So, what does McChrystal offer us? To the reviewer, the book is a record of how the war against al-Qaeda in Iraq (AQI) was won. Some of the grunt work and the overall picture of the methodology are provided. But the methodology, born in the crucible of war, is the crux of the authors’ premise for organizational change. By enlisting all stakeholders, ensuring trust in his subordinates, allocating “top-notch” people to liaison positions outside the combat zone, and implementing an operations and intelligence roundtable of communication, McChrystal’s efforts paid dividends. McChrystal turned a highly-structured military organization with a myriad number of nonmilitary personnel into a flat, one dimensional, all-encompassing engaged union of comingling stakeholders. Of all changes, tying it together with communication was outstanding. Instant contact with any and all teams made the war against AQI winnable.

Reported masterfully, the war against AQI is the spine while the vignettes from memory, history, and case studies are the tissue to propose a new and enduring process for change. The book has five parts: The Proteus Problem; From Many, One; Sharing; Letting Go; and Looking Forward. Each part has a “Recap” or “Points of Interest” from the authors. Included are a detailed Note Section and Index. The notes and index superbly support the authors’ task.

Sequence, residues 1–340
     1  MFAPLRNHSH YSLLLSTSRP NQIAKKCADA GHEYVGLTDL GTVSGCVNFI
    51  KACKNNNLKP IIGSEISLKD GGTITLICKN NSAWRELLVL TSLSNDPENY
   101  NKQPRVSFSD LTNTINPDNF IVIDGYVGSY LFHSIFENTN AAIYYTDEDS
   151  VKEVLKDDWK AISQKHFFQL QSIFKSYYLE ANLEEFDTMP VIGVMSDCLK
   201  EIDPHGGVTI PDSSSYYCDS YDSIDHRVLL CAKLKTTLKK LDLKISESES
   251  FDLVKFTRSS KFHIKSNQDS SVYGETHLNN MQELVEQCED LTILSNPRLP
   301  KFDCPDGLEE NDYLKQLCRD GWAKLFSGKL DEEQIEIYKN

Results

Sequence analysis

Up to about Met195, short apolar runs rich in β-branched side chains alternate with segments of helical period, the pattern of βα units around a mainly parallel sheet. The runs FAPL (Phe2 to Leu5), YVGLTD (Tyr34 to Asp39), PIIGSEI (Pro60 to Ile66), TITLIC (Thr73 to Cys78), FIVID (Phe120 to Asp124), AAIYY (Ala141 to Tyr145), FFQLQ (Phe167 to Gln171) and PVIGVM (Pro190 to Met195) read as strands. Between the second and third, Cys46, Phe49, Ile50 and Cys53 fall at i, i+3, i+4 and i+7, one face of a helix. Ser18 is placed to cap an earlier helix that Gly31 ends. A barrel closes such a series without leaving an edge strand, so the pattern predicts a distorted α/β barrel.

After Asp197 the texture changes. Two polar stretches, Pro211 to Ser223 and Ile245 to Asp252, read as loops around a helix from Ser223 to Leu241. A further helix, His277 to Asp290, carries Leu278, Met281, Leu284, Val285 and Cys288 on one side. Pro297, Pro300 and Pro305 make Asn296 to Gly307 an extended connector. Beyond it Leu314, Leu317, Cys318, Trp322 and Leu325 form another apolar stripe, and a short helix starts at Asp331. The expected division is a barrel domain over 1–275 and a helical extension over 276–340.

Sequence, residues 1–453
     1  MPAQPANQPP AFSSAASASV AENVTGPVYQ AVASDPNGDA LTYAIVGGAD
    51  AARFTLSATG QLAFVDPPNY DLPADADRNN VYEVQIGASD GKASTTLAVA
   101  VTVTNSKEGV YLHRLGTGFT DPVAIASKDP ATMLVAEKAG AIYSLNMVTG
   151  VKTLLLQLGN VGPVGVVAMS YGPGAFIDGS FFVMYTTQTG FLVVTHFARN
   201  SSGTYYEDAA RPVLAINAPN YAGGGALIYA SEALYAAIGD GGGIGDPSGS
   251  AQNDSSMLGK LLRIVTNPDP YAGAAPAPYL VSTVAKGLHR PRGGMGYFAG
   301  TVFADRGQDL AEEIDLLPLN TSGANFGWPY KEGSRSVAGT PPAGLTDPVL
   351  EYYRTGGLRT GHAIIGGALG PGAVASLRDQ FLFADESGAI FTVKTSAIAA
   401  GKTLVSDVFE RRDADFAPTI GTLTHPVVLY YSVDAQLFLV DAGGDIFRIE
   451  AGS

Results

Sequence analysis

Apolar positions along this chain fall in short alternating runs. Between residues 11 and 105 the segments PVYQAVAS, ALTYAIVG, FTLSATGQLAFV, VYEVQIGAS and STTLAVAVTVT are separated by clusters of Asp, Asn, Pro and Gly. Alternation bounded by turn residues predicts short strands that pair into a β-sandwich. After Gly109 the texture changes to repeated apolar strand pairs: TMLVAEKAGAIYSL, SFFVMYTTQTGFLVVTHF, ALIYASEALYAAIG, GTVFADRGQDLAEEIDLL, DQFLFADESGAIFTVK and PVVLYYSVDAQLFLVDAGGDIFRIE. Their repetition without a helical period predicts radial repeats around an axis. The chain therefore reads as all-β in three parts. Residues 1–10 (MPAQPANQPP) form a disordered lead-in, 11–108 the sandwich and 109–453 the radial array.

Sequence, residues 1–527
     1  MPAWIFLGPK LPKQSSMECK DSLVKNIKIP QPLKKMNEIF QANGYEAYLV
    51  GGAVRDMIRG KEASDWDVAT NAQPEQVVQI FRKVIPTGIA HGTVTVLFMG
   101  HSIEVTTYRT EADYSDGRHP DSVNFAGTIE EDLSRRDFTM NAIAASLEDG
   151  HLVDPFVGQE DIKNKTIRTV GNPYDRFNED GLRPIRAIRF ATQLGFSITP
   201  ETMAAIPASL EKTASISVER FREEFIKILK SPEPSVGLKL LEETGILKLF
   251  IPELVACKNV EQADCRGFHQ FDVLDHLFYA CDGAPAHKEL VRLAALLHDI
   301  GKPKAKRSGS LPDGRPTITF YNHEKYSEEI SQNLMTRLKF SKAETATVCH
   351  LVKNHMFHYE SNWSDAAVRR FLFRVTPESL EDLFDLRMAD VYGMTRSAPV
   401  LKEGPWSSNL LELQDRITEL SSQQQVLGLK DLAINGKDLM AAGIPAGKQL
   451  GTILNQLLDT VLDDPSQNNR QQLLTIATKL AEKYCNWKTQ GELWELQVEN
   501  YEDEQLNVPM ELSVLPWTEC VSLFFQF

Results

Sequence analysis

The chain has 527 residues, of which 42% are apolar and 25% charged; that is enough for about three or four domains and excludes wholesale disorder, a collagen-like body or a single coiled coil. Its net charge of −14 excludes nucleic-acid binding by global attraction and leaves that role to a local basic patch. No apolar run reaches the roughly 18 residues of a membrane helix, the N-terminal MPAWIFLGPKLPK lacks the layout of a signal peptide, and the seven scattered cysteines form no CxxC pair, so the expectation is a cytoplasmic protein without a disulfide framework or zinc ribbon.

The purposeful use of vignettes and casebook studies strengthens the case for change in structured organizations. While the vignettes from McChrystal’s memory are mostly positive and supportive, they are juxtaposed with past events seemingly lacking a path to teamwork or adaptability. Due to omission, commission, lack of situational awareness, or just plain ignoring vital information lives are lost (even in specialized teams).

These hierarchically structured organizations are the historical progeny of age-old guilds and companies. The authors, however, state they stifle leadership, creativity, entrepreneurship, and even risk taking by its personnel. Decisions wait for input from the “top” before action takes place. Information travels down the hierarchy or “chain of command,” rather than being shared amongst those having a stake in the outcome. No leader emerges to make a decision. No creative solution will be put forth. And, finally, “I’m not risking my job.”